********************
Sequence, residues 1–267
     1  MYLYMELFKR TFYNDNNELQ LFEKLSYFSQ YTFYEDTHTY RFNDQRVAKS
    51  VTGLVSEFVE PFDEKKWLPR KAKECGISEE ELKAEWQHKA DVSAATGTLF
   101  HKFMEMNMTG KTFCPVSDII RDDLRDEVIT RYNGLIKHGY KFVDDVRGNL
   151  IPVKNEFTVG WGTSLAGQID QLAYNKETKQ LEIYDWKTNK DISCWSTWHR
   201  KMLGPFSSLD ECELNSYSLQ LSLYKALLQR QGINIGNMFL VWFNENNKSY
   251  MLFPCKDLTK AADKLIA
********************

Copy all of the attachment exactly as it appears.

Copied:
Sequence, residues 1–267
     1  MYLYMELFKR TFYNDNNELQ LFEKLSYFSQ YTFYEDTHTY RFNDQRVAKS
    51  VTGLVSEFVE PFDEKKWLPR KAKECGISEE ELKAEWQHKA DVSAATGTLF
   101  HKFMEMNMTG KTFCPVSDII RDDLRDEVIT RYNGLIKHGY KFVDDVRGNL
   151  IPVKNEFTVG WGTSLAGQID QLAYNKETKQ LEIYDWKTNK DISCWSTWHR
   201  KMLGPFSSLD ECELNSYSLQ LSLYKALLQR QGINIGNMFL VWFNENNKSY
   251  MLFPCKDLTK AADKLIA